I have been an avid follower of the articles on News24, and consequently of the comments made by the readers. What has become clear to me is that the greatest divide amongst all South Africans is not race or religion, but ATTITUDE.
Life coaches and motivational speakers like to use the word ATTITUDE in their lectures for one reason – if you add up all the numerical values of the letters which make up the word, the total is 100. To make this clear :
A T T I T U D E
1+20+20+9+20+21+4+5 = 100
A large number of people are blaming apartheid – even those that were not born during the apartheid era and who did not experience apartheid first-hand. Others blame racism. The Oxford English Dictionary has defined “racism” as, inter alia, “a theory that human abilities are determined by race”. I find that interesting – a theory. According to United States English, racism is defined as “discrimination”, “prejudice”, “bigotry”, “intolerance”.
Aren’t these words all just a reflection of attitudes ? And herein lies the problem - aren’t our attitudes influenced by our perceptions ?
The White South Africans perceive that the majority of Black South Africans are criminals, predisposed to violence. This perception is actually borne out by the murder and rape statistics, most of which are carried out by Black South Africans – on both Black and White people. Very seldom is there a report of a White South African raping and murdering a Black South African.
Black South Africans, on the other hand, think that the majority of White South Africans are racist and support or wish for the return of Apartheid. Their perception of White South Africans is that they are the “elite”, and have everything their own way. This perception is clearly flawed, as the Government policies of AAA and BBEEE have marginalized White South Africans.
The present Government and the state of the country do not do anything to improve White and Black South Africans’ perception of each other. The majority of the people who make up the Government have proved that they are corrupt, inept, and care nothing for the welfare of the people who voted them into power – both Black and White. This attitude has been carried down to the so-called “leaders” of the country – and this group of leaders includes teachers, nurses and doctors, law enforcement officers and other community leaders. It also includes parents and older siblings.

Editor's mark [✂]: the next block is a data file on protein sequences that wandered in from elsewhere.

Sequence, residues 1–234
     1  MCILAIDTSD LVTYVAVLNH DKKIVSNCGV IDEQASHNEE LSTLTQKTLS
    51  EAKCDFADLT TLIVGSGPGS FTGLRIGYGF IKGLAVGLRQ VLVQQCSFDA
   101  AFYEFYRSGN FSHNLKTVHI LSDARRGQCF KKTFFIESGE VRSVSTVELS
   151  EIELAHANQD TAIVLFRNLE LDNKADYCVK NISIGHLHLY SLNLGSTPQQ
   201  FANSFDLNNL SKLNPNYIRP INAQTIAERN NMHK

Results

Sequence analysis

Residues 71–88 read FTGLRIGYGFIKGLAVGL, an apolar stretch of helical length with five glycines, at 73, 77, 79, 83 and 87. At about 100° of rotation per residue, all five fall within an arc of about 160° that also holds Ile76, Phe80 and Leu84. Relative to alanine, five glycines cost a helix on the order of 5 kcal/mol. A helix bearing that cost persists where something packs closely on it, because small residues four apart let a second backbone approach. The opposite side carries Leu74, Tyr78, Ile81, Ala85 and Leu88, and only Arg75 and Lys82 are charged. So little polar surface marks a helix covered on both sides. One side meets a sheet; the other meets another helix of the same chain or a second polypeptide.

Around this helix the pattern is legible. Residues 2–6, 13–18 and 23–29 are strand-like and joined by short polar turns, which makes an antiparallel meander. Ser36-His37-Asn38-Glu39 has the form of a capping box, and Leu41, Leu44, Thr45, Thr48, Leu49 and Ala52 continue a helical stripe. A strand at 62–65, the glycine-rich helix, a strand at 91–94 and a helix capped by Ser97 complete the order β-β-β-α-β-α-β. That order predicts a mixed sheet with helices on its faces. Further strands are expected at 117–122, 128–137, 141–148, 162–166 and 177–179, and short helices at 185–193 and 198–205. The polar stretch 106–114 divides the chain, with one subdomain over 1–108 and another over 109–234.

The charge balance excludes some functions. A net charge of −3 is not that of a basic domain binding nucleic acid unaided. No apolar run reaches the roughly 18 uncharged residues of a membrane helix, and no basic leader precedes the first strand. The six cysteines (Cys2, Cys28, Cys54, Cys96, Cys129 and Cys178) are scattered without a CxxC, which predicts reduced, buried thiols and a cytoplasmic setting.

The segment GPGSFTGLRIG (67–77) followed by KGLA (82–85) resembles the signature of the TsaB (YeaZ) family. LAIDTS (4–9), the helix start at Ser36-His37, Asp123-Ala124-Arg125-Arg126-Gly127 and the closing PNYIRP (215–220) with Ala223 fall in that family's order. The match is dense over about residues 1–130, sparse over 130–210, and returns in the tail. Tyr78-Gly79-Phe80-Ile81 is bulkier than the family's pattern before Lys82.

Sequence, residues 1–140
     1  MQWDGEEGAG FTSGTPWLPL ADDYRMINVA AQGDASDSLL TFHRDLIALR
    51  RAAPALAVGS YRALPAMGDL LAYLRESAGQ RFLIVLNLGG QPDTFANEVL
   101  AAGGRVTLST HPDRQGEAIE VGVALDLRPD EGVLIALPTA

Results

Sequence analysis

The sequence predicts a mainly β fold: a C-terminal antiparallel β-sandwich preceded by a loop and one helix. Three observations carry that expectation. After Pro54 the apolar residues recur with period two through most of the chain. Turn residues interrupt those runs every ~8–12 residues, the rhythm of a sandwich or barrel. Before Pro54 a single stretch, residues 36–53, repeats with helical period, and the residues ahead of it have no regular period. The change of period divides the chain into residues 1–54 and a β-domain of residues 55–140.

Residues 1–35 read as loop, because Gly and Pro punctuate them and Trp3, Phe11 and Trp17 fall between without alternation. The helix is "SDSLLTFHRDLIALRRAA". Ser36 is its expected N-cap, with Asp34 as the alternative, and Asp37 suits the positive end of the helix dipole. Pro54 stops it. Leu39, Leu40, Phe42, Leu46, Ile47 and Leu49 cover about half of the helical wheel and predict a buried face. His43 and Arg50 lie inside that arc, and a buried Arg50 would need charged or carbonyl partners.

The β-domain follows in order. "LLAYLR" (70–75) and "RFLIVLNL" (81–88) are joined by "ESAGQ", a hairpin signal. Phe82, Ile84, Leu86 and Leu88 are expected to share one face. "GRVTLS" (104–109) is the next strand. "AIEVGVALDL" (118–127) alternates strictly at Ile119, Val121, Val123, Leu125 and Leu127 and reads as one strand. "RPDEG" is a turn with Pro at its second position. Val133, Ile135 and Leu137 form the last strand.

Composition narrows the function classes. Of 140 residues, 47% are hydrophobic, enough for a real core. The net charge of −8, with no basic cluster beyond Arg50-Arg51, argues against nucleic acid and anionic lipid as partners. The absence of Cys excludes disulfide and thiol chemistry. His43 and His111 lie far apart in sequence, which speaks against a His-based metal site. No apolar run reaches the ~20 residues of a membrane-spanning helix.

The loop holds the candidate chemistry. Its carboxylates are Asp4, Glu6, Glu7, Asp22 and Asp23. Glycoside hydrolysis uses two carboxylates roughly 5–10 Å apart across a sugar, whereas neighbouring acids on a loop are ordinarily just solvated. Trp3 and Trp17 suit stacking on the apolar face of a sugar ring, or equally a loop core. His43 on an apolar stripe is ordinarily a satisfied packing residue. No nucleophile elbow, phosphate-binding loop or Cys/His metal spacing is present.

Your attitude, whether towards yourself (self-respect) or towards others is what shapes your life. Your attitude towards your situation is what shapes your life. How you rise to challenges, shape up to and overcome adversity, that is what shapes your life. Your attitude towards others is what shapes their perception of you. Whether your attitude is as a result of personal experience or from what you have been taught or from what you perceive, it is something that is truly your own.
And therefore it is something that you, and only you, can change.
This message is particularly relevant and to the youth of South Africa, now more than ever, with elections looming in 2014. You do not have to accept the situation in which you find yourself. You deserve to be the best that you can be. You deserve to be taught by leaders who lead by example and not by intimidation. This group of “leaders” includes your parents as, for perhaps the first time, you hold their future – and yours - in your hands.
What is required is a change in attitude, in how you perceive others and, importantly, in how you perceive yourself. Once you are able to believe in your own worth, you will find that your perception of and attitude towards others will change. You will be able to take responsibility for your actions – good or bad – and learn from the consequences – good or bad.
And taking responsibility for your own life and making the right choices - that is the road to real freedom.